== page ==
Forgive the pun. Or, you know, don’t.
Having done yet another round of revisions and some significant restructuring, it was time to get my book read by some people who might be my target audience. I had made some friends at the New York conference but that was nearly a year ago, and I only kept in touch with one. So I sent my new MS to her and she promised to give me feedback, but I needed to find more beta readers.
I went online and found a Facebook group called Beta Readers and Critique Partners. What a great resource! I’m so impressed by the writing community and how it comes together to support each other in our work.
I posted my blurb for The Other Me (working title) and said I’d be willing to swap with any other commercial women’s fiction, if they were full-length novels. I had several takers, which ultimately boiled down to three women who were serious about giving me feedback on the full MS. Only two of them wanted theirs read in return.
That swapping process was quite the experience. If I were doing it again, I’d definitely ask to see the first chapters to assess whether we’re a fit for each other! The harsh truth is that there are people at all stages of their writing journey in these Facebook groups, and some are better at their craft than others. I have the benefit of decades of journalism and editing experience, plus my manuscript has already been revised many times and dissected by some experts. So I was handing mine over in pretty good shape, and was hopeful that the suggested changes would be minimal.
However, the two works I received from my readers to give my own feedback on were… not in the same kind of shape. One was really quite well written, but there was no sense of a real plot. I managed to get through the first six chapters before I told the author that although I thought her style was great, she really needed to make something interesting happen. I then read her blurb and realized she didn’t have a handle on the plot at all, so I promised to read it when she had figured it out later. She seemed grateful for that and I hope to read her manuscript down the road in return for the helpful notes she gave me.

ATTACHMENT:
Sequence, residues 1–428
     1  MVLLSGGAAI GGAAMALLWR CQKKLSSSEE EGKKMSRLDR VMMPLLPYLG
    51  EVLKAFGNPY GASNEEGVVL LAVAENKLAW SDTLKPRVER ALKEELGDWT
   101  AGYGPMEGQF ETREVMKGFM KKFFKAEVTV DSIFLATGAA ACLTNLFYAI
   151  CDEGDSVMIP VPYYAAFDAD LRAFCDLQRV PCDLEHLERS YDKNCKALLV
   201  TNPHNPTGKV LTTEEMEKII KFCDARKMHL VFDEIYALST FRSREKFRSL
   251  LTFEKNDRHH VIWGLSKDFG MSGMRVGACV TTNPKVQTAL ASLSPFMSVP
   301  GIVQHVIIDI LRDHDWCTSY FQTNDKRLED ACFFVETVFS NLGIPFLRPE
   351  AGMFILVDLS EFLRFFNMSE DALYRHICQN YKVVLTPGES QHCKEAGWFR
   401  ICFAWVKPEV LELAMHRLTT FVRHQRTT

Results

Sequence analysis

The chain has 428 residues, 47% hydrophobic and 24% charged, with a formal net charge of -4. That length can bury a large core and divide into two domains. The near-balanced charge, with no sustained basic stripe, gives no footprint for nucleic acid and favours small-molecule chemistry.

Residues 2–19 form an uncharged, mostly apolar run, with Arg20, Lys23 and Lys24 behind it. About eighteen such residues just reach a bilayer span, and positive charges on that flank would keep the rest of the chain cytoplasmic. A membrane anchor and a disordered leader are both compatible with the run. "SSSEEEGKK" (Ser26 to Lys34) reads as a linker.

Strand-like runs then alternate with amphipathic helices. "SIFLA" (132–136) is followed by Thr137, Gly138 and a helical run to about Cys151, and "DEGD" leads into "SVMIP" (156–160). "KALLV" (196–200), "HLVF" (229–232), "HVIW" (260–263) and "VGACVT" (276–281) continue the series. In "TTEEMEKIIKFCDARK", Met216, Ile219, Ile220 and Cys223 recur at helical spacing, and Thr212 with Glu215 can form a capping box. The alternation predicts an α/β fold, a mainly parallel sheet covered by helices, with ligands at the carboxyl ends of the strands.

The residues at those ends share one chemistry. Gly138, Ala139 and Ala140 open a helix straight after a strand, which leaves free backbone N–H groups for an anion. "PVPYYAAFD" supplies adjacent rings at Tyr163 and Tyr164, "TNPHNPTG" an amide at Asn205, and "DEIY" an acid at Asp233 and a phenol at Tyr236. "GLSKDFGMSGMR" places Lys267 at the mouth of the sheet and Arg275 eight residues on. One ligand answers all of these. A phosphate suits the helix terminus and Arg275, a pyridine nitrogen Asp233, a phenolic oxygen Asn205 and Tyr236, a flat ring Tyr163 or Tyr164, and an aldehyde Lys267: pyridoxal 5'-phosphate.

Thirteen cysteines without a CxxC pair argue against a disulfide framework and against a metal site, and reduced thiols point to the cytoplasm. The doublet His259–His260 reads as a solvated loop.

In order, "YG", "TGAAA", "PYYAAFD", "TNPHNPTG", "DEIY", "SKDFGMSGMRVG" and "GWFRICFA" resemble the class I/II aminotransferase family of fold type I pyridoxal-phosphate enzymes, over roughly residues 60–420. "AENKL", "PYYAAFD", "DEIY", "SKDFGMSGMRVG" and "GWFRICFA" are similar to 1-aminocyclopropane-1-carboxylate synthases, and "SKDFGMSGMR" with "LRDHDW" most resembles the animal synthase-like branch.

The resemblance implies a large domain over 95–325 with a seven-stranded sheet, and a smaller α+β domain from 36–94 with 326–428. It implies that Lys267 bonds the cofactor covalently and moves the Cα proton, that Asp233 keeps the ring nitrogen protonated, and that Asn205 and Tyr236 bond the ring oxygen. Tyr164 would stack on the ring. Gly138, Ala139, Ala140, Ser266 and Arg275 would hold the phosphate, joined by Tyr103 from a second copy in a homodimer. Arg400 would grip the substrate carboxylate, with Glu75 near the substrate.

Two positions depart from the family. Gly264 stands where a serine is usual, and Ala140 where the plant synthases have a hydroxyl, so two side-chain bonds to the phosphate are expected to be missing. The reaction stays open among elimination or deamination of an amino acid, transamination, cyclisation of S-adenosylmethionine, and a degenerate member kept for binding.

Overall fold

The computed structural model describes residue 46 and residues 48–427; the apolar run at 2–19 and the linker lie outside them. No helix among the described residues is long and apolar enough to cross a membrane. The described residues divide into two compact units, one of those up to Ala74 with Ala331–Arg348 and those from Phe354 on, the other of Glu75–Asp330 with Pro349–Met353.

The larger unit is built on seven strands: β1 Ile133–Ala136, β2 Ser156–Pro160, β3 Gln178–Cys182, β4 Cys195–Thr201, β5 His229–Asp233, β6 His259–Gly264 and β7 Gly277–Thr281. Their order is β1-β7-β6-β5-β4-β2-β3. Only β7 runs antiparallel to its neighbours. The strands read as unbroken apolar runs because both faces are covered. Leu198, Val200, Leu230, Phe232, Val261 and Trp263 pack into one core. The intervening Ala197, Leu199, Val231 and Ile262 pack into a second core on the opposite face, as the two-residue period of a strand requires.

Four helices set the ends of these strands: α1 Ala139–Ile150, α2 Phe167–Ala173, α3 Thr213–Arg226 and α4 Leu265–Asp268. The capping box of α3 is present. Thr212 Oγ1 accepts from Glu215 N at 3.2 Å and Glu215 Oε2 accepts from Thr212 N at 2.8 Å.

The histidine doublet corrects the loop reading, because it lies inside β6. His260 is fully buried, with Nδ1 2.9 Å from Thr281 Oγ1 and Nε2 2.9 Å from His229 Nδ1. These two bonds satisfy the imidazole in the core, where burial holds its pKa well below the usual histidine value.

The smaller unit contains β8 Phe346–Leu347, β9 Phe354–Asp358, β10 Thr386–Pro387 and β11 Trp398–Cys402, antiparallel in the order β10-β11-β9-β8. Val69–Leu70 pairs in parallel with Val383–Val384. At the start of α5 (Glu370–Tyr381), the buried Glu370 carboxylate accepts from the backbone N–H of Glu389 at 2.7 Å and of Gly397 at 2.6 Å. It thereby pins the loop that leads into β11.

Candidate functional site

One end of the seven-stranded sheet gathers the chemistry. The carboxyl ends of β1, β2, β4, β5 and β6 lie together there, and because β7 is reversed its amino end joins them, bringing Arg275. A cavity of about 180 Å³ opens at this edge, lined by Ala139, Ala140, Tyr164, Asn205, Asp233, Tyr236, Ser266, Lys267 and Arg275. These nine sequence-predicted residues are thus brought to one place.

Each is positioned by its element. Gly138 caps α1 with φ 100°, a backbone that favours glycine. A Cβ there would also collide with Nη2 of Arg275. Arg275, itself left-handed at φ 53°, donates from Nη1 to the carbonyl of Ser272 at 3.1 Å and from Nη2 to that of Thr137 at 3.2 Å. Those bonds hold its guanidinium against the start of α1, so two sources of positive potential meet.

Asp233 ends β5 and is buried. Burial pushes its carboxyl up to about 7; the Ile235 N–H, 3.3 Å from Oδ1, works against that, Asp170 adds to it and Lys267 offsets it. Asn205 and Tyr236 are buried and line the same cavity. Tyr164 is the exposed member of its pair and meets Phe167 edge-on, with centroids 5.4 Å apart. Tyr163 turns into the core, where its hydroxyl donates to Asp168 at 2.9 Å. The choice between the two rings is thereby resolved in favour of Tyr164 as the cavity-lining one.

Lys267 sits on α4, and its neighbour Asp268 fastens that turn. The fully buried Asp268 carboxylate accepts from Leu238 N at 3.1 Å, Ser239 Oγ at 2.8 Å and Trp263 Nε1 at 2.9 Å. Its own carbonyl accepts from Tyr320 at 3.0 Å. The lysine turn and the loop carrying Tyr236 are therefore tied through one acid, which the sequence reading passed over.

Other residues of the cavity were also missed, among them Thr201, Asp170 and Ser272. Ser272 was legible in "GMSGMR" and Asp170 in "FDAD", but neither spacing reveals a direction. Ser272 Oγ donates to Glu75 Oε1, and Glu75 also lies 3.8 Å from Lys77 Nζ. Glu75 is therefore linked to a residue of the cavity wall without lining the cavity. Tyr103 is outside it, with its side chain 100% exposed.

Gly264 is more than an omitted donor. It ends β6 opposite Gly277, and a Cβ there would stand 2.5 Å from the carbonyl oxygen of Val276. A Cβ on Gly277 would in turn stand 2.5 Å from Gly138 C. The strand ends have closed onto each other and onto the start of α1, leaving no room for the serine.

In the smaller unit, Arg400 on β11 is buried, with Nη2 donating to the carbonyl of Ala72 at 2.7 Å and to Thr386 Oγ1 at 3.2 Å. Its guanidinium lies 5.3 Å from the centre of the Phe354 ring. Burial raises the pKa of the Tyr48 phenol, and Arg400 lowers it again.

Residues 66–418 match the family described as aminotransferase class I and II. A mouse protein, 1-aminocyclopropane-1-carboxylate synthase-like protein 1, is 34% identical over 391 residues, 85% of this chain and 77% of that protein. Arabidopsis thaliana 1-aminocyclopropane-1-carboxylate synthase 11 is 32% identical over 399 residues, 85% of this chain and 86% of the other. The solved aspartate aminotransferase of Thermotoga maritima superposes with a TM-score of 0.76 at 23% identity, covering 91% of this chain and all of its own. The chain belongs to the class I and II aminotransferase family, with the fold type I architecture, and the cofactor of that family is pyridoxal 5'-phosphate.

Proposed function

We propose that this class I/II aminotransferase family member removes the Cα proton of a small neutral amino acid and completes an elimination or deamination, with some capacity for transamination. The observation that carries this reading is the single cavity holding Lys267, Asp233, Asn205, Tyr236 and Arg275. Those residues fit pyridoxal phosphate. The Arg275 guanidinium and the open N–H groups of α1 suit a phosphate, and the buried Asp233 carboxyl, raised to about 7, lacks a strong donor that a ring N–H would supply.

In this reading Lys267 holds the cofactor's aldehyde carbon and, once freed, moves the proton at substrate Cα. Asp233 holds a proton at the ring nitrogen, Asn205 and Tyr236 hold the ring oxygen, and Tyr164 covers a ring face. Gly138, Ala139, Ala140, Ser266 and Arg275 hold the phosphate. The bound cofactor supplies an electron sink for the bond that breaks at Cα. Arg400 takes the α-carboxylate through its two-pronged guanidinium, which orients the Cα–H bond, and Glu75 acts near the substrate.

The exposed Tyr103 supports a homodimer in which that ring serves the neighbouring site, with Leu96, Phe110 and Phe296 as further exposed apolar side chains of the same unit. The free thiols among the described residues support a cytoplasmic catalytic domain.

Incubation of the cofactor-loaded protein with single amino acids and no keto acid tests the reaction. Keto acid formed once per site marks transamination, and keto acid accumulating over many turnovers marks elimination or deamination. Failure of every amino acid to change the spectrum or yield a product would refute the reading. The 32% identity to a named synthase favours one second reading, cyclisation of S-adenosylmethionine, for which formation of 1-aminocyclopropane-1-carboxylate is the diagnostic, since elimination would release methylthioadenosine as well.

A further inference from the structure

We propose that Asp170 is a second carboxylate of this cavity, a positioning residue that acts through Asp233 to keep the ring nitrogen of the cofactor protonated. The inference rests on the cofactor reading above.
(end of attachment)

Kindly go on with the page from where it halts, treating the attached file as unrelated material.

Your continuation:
The other one, oh my goodness. It was really rough, and a totally different genre than I expected (and had been told it was). I read an analyzed all 110K-plus words of it, and giving feedback on that was a painful experience for both me and the author. As a veteran, no-nonsense newsroom editor, my approach has always been a cruel-to-be-kind brutal honesty. But in hindsight I think I could have been gentler. Although I picked out as many good qualities as I could, I also identified the many problems, which didn’t seem to go down well with the author and I felt bad.
Both my beta readers had fairly minimal suggested changes to my MS, which was great, and I was so happy they both loved the story. However, it made me aware that you kind of need your reader to also be a good writer and editor themselves. Looking back on the version I gave them, there were all kinds of issues that I can now see, which they didn’t pick up on.
So, although the online beta-reading partnership was a good and worthwhile experience, it’s no substitute for having professional eyes on your text. Whether that’s an agent who is prepared to give you extensive notes, or a freelance book editor, it’s my belief that only those who are inside the industry can really tell you if your work is any good or not.